Dallas Museum Offers Lessons for Ukraine and Messages of Hope

Many observers believe what's happening today in Ukraine is also genocide

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The horrific events of the war in Ukraine are all too familiar at the Dallas Holocaust and Human Rights Museum.

"Unfortunately, in our museum, we cover history that repeats itself over and over again," said Mary Pat Higgins, the museum's president and CEO.

Among the museum's powerful exhibits is one that marks the Holodomor genocide that happened in Ukraine nearly a century ago. It shows how Soviet leader Joseph Stalin starved millions of Ukrainians to death in the 1930s.

"It was a genocide against the national Ukrainian people to crush their desire to have a separate national identity," Higgins explained.

Many observers believe what's happening today in Ukraine is also genocide. The term was coined during the Holocaust, in which the Nazis murdered millions of Jews.

Higgins described the concept of genocide this way: "The intent to destroy a group based on a characteristic. Their national identity, ethnic, racial, religious identity."

The museum illustrates the way to justice with exhibits that explain the framework for holding those who commit genocide accountable for their crimes. The International Criminal Court could someday consider the atrocities happening today in Ukraine.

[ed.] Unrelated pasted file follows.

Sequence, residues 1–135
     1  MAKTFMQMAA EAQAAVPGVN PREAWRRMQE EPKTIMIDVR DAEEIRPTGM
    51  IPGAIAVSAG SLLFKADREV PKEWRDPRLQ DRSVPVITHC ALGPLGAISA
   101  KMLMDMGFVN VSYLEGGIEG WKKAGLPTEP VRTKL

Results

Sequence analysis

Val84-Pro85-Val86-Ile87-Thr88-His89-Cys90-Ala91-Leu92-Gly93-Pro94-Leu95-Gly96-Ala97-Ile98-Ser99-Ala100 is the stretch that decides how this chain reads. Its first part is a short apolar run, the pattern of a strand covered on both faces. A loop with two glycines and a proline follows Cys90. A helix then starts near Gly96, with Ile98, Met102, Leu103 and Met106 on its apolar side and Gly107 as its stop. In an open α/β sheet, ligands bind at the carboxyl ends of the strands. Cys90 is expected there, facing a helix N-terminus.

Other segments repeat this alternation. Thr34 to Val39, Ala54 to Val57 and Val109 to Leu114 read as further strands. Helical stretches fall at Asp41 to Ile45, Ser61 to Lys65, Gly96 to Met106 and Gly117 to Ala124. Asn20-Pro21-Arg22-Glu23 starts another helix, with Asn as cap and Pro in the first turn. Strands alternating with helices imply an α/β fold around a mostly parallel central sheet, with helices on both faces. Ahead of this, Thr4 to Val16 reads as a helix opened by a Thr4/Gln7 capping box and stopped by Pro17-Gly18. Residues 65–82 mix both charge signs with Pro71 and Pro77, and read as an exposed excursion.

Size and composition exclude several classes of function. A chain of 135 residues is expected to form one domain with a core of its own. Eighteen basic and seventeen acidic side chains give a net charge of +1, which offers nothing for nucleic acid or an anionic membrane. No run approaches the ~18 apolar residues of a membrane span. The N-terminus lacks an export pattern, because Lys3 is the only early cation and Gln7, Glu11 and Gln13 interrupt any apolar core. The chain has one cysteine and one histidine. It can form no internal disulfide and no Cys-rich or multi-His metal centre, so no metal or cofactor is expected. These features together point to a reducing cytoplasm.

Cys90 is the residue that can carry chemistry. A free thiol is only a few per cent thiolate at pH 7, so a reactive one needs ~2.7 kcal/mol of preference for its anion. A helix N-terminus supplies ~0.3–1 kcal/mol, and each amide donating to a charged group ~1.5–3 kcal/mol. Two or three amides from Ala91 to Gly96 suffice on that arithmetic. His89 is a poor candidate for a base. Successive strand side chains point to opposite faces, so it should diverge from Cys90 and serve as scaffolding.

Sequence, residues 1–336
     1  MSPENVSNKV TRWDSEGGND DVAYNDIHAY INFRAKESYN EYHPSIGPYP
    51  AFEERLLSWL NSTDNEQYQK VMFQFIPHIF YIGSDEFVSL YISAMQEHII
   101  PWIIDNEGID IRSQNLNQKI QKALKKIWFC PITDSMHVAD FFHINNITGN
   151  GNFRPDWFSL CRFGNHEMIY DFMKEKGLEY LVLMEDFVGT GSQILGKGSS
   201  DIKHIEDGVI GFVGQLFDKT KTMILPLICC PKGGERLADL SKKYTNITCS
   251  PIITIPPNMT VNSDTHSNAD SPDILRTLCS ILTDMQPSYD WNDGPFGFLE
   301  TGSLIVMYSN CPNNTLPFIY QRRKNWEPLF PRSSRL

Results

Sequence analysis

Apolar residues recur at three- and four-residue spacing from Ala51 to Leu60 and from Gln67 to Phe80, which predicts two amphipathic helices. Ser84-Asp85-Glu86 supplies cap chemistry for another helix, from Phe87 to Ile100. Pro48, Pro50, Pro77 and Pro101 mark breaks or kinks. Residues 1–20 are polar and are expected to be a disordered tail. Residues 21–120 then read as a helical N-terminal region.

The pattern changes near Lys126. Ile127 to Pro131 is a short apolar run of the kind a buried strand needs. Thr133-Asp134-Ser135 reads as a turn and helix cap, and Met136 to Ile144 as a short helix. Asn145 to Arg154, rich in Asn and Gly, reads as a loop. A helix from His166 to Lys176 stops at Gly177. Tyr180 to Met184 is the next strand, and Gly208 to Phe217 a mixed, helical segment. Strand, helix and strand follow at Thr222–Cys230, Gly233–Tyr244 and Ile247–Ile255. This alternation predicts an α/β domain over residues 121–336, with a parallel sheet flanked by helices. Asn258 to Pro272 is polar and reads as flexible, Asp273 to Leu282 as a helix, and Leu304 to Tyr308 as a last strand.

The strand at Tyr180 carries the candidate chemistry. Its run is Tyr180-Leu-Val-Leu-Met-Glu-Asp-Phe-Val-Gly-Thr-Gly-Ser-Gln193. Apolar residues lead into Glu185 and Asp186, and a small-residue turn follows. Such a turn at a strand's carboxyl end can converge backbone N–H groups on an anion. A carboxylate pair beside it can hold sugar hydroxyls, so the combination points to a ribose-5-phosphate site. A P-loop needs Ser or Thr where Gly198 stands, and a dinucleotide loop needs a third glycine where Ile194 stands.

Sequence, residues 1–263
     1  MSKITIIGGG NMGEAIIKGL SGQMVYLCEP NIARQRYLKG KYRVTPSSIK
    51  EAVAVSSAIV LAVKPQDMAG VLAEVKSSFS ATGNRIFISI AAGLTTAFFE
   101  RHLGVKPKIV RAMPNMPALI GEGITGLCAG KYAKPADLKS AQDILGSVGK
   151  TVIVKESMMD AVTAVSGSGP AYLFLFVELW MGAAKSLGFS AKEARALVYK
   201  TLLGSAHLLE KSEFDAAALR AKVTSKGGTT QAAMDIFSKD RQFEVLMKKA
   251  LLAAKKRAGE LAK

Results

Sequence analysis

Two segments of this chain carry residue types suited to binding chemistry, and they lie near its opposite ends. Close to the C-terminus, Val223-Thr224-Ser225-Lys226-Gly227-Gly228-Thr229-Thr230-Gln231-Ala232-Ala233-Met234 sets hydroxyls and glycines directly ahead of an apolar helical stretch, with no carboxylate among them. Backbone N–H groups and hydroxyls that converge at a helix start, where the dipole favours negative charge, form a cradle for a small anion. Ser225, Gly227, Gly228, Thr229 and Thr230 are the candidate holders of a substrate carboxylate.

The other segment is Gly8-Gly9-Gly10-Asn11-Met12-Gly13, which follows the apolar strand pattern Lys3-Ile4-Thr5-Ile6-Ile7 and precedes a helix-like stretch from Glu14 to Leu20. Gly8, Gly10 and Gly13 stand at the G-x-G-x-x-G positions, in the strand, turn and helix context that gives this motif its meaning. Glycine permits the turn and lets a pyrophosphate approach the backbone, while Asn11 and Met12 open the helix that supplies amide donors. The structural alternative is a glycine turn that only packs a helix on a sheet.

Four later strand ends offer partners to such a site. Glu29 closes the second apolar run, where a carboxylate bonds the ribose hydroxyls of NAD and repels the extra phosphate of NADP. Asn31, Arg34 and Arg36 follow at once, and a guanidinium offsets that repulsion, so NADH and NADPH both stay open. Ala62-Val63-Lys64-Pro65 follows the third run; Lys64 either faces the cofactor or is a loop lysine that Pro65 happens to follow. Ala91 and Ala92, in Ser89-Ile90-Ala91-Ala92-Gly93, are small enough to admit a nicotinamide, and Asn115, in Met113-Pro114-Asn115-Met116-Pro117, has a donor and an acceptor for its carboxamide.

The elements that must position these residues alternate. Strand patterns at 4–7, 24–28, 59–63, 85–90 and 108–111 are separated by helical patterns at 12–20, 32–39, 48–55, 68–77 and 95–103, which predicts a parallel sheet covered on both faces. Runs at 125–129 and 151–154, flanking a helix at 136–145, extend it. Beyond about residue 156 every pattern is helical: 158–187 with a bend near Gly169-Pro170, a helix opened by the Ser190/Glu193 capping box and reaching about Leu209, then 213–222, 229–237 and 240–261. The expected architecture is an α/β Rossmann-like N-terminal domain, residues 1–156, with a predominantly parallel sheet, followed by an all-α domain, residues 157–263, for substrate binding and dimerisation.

"The goal is to go after the leaders and to make an example of them and try to deter other leaders from committing such atrocities because, ultimately, they know there will be justice," Higgins said.

Evidence will be critical, and Higgins says the deluge of gruesome images from Ukraine could make it easier for prosecutors to prove their case.

"It's hard that we are all seeing this news unfold 24/7. But it's also really positive that we know what's happening," she said.

Along with some of the darkest chapters in history, the museum celebrates the ultimate triumph of the human spirit. Higgins reminds us that in the midst of tragedy, there is hope in Ukraine.

"We are also seeing incredible bravery, and people that are fighting for their right to be an independent nation and for their heritage. It gives me hope to see how they're standing up against these atrocities," she said.

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